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Off-Label Drugs: What They Are and What It Means for You

As Ida Kalde’s Alzheimer’s disease progressed, she became increasingly confused, combative and delusional. She accused her son and daughter-in-law, Pete and Evelyn Ruut, whose Kingston, N.Y., home she lived in, of hiding the baby she thought she had given birth to. “We were nearly at the end of our rope,” Evelyn Ruut says.

To help quiet Kalde, her doctor prescribed the antipsychotic medication Risperdal. “She was noticeably calmer, more normal acting and appearing than she had been in a long time,” Evelyn says. Kalde was able to live with her family for three more years.

Risperdal was approved by the U.S. Food and Drug Administration for treating schizophrenia but not Alzheimer’s. That meant Kalde was taking the drug for “off-label” use, a controversial practice that can benefit patients in some instances but endanger them in others.

While companies by law can market their drugs only for the diseases approved by the FDA, doctors can prescribe them for other conditions—a colon cancer drug, for example, to treat breast cancer—if other therapies are less effective or nonexistent.

Millions of American take drugs off-label, particularly for cancer, AIDS, mental health disorders and chronic pain. A 2001 survey published in the Archives of Internal Medicine in 2006 found that one in five of the 500 most commonly prescribed drugs was for off-label use.

Proponents say new uses for old medications are often discovered serendipitously, turning out to be safe, beneficial and even life-saving for patients with hard-to-treat or potentially fatal illnesses. One example: Thalidomide, a drug used in the 1950s to treat morning sickness in pregnant women—and later found to cause severe birth defects—reappeared four decades later as an FDA-approved treatment for leprosy sores and other serious skin problems.

“Much off-label use is not warranted, but some of it may be appropriate,” says Jerry Avorn, M.D., professor of medicine at Harvard Medical School and author of Powerful Medicines (Random House, 2004).

Critics are concerned that some drugs are prescribed off-label without conclusive testing for effectiveness and safety. Without clinical trials, physicians are essentially operating in an “evidence-free zone,” says Adriane Fugh-Berman, M.D., an associate professor at the Georgetown University School of Medicine and lead investigator of PharmedOut, a project that educates doctors about the influence of pharmaceutical companies on prescribing patterns.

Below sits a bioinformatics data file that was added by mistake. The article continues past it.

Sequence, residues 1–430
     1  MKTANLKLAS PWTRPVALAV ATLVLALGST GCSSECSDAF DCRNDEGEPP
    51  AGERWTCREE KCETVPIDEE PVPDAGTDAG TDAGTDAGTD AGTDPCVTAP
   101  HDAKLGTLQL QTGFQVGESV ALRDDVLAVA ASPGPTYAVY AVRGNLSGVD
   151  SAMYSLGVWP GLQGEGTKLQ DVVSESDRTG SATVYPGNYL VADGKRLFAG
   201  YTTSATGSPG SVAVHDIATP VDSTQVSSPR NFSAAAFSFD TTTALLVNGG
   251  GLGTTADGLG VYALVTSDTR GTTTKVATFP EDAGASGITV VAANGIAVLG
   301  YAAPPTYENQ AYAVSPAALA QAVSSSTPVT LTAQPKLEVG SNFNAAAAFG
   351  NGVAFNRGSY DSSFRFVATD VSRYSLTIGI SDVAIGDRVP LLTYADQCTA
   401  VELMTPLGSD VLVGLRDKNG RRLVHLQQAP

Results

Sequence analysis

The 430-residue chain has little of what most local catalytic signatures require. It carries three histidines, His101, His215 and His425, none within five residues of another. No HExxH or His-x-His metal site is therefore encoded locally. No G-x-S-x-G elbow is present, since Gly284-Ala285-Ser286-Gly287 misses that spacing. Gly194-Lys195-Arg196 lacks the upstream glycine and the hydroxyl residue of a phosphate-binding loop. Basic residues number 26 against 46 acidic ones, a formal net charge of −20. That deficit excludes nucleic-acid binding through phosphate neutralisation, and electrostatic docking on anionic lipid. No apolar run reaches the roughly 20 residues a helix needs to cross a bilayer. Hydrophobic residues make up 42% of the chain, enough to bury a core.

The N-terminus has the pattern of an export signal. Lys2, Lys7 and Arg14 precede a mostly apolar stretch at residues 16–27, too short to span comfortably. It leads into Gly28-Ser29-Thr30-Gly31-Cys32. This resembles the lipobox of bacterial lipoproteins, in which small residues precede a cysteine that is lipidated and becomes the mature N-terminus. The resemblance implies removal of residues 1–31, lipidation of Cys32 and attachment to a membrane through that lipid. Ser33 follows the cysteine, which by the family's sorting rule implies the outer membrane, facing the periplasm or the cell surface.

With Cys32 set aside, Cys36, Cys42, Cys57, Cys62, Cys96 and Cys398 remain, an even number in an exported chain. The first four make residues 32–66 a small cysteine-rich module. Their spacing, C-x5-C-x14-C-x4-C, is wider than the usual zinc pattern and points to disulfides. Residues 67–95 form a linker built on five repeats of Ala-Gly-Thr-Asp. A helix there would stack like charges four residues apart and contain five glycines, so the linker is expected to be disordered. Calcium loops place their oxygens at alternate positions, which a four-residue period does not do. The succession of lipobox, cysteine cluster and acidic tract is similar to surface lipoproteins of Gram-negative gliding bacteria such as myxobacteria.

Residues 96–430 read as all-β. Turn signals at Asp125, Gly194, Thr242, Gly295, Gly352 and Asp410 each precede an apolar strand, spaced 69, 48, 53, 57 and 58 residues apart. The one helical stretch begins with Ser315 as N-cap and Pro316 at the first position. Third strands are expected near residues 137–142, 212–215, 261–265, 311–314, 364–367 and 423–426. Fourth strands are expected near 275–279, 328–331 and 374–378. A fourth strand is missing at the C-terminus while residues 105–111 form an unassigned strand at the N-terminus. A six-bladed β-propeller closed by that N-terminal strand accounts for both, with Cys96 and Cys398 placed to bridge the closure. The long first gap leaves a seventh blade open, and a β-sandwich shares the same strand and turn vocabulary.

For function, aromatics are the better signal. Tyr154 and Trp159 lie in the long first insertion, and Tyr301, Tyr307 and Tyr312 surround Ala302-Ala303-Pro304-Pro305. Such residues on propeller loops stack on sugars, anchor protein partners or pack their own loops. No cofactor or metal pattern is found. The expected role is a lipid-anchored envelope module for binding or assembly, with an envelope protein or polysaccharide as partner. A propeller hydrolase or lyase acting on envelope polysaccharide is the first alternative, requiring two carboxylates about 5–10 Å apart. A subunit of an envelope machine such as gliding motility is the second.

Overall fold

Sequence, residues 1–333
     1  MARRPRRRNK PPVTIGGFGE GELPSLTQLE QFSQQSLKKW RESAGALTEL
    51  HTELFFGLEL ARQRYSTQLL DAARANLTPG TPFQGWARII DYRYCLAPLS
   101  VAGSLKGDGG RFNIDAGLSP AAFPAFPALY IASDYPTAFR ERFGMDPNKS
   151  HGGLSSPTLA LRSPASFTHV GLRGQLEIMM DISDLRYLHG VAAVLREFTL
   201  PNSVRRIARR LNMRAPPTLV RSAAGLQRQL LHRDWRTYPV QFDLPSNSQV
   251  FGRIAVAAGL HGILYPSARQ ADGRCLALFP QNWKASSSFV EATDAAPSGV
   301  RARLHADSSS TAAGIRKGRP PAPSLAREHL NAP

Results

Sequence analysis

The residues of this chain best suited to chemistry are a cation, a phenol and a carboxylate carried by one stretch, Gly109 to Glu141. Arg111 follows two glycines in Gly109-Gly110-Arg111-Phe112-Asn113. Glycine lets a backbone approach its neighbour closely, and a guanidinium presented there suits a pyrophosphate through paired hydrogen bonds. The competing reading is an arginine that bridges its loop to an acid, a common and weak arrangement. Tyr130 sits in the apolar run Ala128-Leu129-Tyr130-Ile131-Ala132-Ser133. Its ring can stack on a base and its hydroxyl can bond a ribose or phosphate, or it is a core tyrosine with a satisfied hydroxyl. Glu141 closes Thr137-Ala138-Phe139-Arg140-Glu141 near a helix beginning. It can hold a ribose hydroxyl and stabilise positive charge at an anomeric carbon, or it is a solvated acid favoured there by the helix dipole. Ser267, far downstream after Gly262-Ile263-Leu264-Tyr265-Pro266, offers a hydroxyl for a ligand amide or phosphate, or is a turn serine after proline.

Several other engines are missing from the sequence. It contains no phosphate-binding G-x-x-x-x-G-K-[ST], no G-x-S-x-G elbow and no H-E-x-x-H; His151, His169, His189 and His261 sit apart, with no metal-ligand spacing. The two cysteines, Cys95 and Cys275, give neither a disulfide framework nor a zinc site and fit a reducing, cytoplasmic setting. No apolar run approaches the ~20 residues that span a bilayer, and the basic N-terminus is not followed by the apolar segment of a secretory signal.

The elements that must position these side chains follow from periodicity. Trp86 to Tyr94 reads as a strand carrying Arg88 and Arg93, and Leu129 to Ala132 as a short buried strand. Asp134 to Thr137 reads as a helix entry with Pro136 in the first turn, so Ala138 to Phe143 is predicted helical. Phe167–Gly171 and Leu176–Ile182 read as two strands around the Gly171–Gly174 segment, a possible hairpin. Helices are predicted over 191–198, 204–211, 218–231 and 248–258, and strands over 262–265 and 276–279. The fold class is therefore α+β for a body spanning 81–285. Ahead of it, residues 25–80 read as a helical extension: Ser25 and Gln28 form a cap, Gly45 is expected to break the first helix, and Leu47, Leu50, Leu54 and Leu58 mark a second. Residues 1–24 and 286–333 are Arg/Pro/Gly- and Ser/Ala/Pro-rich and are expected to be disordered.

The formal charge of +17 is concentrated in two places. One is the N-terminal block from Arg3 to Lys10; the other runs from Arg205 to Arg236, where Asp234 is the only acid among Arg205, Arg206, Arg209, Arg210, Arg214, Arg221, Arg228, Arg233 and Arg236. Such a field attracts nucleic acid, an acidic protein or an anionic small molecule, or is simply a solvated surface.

“So many drugs are being used by so many patients without objective research [or] evidence,” says Diana Zuckerman, president of the National Research Center for Women & Families in Washington. “Based on their experience with relatively small numbers of patients, doctors may believe that the drugs are effective, but that is not conclusive evidence—and certainly not evidence that those medications are the best choices available.”

But getting that evidence isn’t easy. “Because our nation relies on the pharmaceutical industry to do nearly all the evaluation of drugs for efficacy and risk,” Avorn says, “we are at the mercy of what the industry chooses to study or not.”

Still, the industry has taken some hits for promoting drugs for off-label purposes. In 2004 drugmaker Warner-Lambert was slapped with a $430 million fine for pushing Neurontin, approved for epileptic seizures, as off-label treatment for pain, mood disorders, attention deficit disorder and migraines. In 2005 Eli Lilly was fined $36 million for illegally promoting the osteoporosis drug Evista to lower the risk of breast cancer, despite prior FDA rejection of Lilly’s proposed labeling for this use.

Pharmaceutical companies also got some bad news about using antipsychotic medications to treat dementia patients like Ida Kalde. A $16.9 million federally funded study—the Clinical Antipsychotic Trials of Intervention Effectiveness, or CATIE, study—recently examined the practice over five years. It found that any benefit of Zyprexa, Seroquel and Risperdal for Alzheimer’s patients was offset by side effects, including sedation, weight gain and confusion.

The CATIE study is a rare exception, says Harvard’s Avorn: “The voice of evidence-based medicine is much softer than the voice of industry.”

Now the FDA is proposing new guidelines that would give the industry an even louder voice by allowing drug sales reps to give doctors peer-reviewed medical journal articles about off-label uses for drugs and medical devices. The FDA says distributing “truthful and non-misleading medical journal articles” can advance public health.

But others see the proposed change as advancing the drug industry’s health uses. “The new guidelines would definitely increase overt off-label promotion,” Fugh-Berman says, “and we have enough problems with covert promotion.”